Expert panel defines a good night's sleep
By Robert Preidt
TUESDAY, Jan. 31, 2017 (HealthDay News) -- In case you don't know what makes for healthy sleep habits, a U.S.-based expert panel has defined them for you in a new report.
The key indicators include: sleeping at least 85 percent of the total time spent in bed; falling asleep within 30 minutes or less; waking up no more than once a night; and being awake for 20 minutes or less after initially falling asleep.
The National Sleep Foundation report also outlined research needed to identify and describe more indicators of good sleep quality among people of all ages.
"The National Sleep Foundation's guidelines on sleep duration, and now quality, make sense of it all -- providing consumers with the resources needed to understand their sleep," said co-author Max Hirshkowitz in a foundation news release. He is chairman of the sleep foundation.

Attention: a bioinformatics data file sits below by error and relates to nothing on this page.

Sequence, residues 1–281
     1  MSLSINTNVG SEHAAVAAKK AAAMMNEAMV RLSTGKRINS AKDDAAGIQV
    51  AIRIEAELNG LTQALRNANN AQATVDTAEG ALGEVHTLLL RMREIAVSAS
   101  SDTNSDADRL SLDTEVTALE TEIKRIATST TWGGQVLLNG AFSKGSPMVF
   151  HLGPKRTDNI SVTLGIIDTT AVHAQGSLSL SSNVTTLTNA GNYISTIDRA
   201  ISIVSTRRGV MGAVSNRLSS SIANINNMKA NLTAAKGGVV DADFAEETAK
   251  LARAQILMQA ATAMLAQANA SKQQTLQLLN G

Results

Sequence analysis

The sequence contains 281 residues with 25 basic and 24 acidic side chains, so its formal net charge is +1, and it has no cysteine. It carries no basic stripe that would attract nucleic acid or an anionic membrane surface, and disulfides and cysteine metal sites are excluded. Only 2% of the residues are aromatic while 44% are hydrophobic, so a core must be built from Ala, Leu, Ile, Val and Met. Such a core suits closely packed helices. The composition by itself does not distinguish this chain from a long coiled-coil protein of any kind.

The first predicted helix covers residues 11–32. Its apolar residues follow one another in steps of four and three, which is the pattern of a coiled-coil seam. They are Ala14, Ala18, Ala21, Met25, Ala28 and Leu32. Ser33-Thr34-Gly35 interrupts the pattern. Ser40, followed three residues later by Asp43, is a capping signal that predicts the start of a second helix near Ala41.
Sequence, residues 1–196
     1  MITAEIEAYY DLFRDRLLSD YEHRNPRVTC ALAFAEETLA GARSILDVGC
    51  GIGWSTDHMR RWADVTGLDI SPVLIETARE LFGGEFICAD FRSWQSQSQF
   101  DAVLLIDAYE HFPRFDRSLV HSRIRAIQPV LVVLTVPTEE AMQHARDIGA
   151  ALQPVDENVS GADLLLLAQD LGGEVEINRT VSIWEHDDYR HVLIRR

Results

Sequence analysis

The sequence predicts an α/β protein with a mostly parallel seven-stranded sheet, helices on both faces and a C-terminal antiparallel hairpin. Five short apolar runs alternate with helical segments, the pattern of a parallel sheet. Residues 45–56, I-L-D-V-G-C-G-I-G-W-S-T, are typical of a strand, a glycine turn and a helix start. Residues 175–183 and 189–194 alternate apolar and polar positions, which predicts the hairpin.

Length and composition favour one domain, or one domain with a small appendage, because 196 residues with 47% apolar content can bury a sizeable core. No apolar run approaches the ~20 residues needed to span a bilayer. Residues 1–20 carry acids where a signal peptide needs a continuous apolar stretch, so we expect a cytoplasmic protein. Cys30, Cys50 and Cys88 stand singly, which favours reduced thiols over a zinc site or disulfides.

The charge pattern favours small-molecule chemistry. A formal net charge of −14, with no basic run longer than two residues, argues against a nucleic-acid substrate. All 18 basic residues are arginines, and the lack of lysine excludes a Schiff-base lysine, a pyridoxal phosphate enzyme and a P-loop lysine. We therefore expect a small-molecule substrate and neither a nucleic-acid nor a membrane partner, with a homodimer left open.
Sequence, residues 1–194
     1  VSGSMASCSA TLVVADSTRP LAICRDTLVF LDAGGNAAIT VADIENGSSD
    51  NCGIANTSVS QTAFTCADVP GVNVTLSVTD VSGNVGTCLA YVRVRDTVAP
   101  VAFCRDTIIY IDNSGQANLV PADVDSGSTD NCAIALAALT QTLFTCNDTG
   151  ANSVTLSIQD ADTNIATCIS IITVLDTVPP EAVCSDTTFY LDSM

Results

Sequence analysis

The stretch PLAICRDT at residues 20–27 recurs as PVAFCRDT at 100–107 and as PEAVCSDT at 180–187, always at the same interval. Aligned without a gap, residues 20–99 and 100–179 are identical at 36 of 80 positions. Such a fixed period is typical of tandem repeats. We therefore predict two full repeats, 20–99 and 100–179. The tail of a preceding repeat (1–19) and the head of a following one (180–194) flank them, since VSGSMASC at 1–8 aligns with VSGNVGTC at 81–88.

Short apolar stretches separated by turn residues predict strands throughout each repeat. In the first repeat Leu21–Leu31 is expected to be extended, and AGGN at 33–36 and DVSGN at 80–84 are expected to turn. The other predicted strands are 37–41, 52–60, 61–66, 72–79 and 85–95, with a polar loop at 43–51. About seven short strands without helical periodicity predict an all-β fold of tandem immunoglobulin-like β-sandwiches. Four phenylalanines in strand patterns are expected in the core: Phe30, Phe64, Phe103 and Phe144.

Foundation researchers said that 27 percent of people take longer than 30 minutes, on average, to fall asleep.
Corresponding author Dr. Maurice Ohayon said, "In the past, we defined sleep by its negative outcomes, including sleep dissatisfaction, which were useful for identifying underlying pathology.
"Clearly, this is not the whole story. With this initiative, we are now on a better course towards defining sleep health," he added.
Ohayon is director of the Stanford Sleep Epidemiology Research Center in Palo Alto, Calif.
The U.S. Centers for Disease Control and Prevention has more on sleep.
SOURCE: National Sleep Foundation, news release, Jan. 23, 2017
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